Making the World's First Wine: Who Taught Whom?

An archaeologist has published a new book on early Chinese wine techniques that suggests prehistoric winemaking may have been a cross-continental collaborative effort; he drank "Black Chicken Heart" wine for research
Making the World's First Wine: Who Taught Whom?
Also a collaborative effort: drinking. Vessels like this one, found in southwest China, were used for communal games, er, rituals. (Courtesy of Prof. Peter Kupfer)
May 15, 2020

Who made the first wine? It may be an unanswerable question, but that hasn't stopped a number of countries from claiming the mantle. Thankfully, historians and archaeologists are still, sometimes literally, digging into it, unearthing ever more revelations about the world of wine 9,000 vintages ago. Amber Shine and Black Dragon Pearls: The History of Chinese Wine Culture, the latest entry in the canon of old-time wine, suggests that that world may have been bigger and more interconnected than we thought: Even in prehistoric times, winemakers were likely swapping tips and know-how from the Black Sea to the Yellow River.

Prof. Peter Kupfer of the University of Mainz offers this comprehensive history of Chinese potables, published April 27, a culmination of his decades-long fascination (his comprehensive summary can be read online in English) . “One of the most interesting and fascinating subjects all throughout the history of China,” Kupfer explained to Unfiltered via email, “is the tradition and ritualization of alcoholic beverages.”

Chinese text with characters for alcohol
From antiquity on, there have been more than 400 Chinese characters containing the alcohol-related component 酉, pronounced “you." Here are a few such concoctions at the Maotai Museum in Guizhou. (Courtesy of Prof. Peter Kupfer)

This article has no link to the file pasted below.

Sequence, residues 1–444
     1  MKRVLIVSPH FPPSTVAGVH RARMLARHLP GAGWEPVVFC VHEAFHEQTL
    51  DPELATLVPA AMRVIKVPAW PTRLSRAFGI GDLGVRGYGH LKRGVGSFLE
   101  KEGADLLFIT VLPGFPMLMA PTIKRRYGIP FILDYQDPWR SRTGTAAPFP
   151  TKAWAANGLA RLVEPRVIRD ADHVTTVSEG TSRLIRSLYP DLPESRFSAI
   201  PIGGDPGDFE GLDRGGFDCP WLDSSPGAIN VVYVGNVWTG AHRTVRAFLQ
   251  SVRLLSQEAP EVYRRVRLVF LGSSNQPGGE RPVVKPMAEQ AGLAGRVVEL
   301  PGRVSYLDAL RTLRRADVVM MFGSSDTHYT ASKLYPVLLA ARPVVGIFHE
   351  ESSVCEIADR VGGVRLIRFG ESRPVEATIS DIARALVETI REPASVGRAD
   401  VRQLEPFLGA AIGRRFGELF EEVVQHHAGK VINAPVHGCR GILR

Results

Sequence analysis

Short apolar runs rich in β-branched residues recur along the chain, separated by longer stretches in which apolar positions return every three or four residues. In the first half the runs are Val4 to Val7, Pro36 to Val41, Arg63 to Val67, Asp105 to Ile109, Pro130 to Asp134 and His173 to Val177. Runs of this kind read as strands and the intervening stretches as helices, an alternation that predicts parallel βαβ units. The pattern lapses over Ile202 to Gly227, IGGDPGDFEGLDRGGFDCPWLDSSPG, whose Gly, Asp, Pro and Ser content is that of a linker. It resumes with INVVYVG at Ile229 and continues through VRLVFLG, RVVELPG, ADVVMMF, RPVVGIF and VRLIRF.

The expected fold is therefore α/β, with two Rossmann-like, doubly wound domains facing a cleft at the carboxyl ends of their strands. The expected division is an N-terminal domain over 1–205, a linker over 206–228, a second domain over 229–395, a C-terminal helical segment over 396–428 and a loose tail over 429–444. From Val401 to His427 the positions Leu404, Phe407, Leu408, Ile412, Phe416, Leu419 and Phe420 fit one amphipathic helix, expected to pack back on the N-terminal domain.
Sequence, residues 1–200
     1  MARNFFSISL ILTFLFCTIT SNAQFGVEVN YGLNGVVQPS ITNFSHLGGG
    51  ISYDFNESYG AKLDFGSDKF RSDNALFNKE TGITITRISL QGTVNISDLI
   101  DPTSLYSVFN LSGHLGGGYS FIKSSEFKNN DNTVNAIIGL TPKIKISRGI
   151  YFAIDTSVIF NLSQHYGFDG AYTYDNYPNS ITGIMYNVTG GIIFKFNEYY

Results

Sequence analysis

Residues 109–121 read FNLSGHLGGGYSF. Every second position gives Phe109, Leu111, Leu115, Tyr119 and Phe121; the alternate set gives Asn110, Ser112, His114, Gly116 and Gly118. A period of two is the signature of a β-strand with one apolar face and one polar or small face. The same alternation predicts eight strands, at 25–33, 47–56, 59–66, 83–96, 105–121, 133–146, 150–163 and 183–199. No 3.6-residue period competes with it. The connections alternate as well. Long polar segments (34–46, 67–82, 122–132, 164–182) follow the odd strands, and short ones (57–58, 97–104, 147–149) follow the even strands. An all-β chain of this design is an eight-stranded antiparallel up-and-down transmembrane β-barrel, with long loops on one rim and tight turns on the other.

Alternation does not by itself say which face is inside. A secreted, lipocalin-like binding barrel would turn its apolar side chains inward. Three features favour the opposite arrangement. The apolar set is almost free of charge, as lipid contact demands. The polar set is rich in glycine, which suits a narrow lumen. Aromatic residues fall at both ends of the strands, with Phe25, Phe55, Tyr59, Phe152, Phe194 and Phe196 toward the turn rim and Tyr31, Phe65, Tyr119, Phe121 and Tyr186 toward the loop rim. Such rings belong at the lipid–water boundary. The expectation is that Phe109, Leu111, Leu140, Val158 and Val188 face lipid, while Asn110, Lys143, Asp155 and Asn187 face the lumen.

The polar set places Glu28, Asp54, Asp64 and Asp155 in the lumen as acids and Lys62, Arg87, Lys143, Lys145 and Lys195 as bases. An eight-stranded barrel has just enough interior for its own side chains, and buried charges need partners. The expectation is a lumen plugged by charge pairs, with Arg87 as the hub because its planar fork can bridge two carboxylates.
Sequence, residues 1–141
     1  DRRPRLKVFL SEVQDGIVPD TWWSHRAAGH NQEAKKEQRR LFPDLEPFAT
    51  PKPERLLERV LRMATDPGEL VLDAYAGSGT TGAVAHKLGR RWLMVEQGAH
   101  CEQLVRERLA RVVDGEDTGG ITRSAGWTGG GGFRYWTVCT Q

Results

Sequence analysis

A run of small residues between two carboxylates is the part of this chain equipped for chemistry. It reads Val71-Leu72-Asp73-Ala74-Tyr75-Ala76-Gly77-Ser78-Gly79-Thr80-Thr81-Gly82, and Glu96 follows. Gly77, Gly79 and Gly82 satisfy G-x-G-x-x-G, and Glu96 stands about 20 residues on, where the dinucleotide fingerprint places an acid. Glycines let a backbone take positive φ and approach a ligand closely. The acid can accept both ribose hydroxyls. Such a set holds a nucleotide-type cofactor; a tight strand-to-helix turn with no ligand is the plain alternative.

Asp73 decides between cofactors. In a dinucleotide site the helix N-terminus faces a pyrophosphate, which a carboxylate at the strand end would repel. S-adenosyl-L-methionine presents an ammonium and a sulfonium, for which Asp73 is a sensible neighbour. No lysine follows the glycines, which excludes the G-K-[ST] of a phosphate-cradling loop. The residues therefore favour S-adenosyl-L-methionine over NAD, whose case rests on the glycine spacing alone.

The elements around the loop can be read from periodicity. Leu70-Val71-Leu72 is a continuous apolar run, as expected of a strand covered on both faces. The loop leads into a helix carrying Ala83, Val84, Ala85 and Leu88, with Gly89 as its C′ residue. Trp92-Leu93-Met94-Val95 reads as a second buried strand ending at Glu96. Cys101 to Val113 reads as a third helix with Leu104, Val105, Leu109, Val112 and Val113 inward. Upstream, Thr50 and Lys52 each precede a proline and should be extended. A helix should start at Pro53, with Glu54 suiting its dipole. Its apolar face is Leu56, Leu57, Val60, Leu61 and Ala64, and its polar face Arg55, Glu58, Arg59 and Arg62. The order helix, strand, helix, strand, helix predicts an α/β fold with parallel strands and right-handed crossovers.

The seeds for Kupfer's study were planted in 2004, or 7000 B.C. “I was mainly inspired by the discovery of the 9,000-year-old earliest alcoholic beverage of mankind at the archaeological site of Jiahu.” That find included about 110 grape pips, and the "cocktail" was most likely a ferment of wild grapes. Working off that and other discoveries, Kupfer proposes that China’s early alcohol expertise was exchanged with other regions like the Fertile Crescent (in today's Middle East) and the Caucasus—another ancient home to wine—and then throughout the Eurasian continent.

“I believe that there must have been an early exchange of ideas and technologies between different prehistoric groups,” Kupfer said, “including the art of fermentation.” And there are curious similarities in artifacts to back that up. “Special types of ceramic vessels used for producing, storing or serving alcoholic beverages were found all across the Eurasian continent,” said Kupfer, “being amazingly similar in their shape and decoration.” The lanes of communication stayed open: Roman wineglasses have been discovered at digs of southern Chinese port sites.

Apparently, ancient China was well-suited to get the wine (techniques) flowing. While Vitis vinifera was likely brought from the west, China has many, many native grape species. And plenty of China's ancient wine rituals were all its own. Kupfer cites fantastical-sounding ancient Daoist wine-based elixirs with names like “jewelry nectar,” as well as boozy monikers for legendary figures: “immortal of alcohol” or “saint of alcohol.” Some ancient Chinese concepts are even recognizable in today’s wine philosophies: Neo-Confucian and cosmological concepts like qi and the Five Elements were considered influences in the growing and making of fermented beverages somewhat like terroir is now.

Another proponent of the Eurasian exchange theory and the unofficial dean of ancient booze Prof. Patrick McGovern, of the University of Pennsylvania, wrote the preface for Kupfer’s book. He told us he got a taste of work in Kupfer's field as well: “I will never forget the thrill of tasting Black Chicken Heart wine, another grapevine of uncertain Asian origin, in the ‘homeland of grapes and wine,’ Shanxi and neighboring provinces, with Peter.” Maybe not your own dram of choice, but there were a lot of ideas fermenting in those goblets of Black Chicken Heart. As Kupfer summed up: “The mastery of fermentation processes promoted almost all the achievements of civilization in a more or less direct way, including religious beliefs, music, art, language, literature and writing.”


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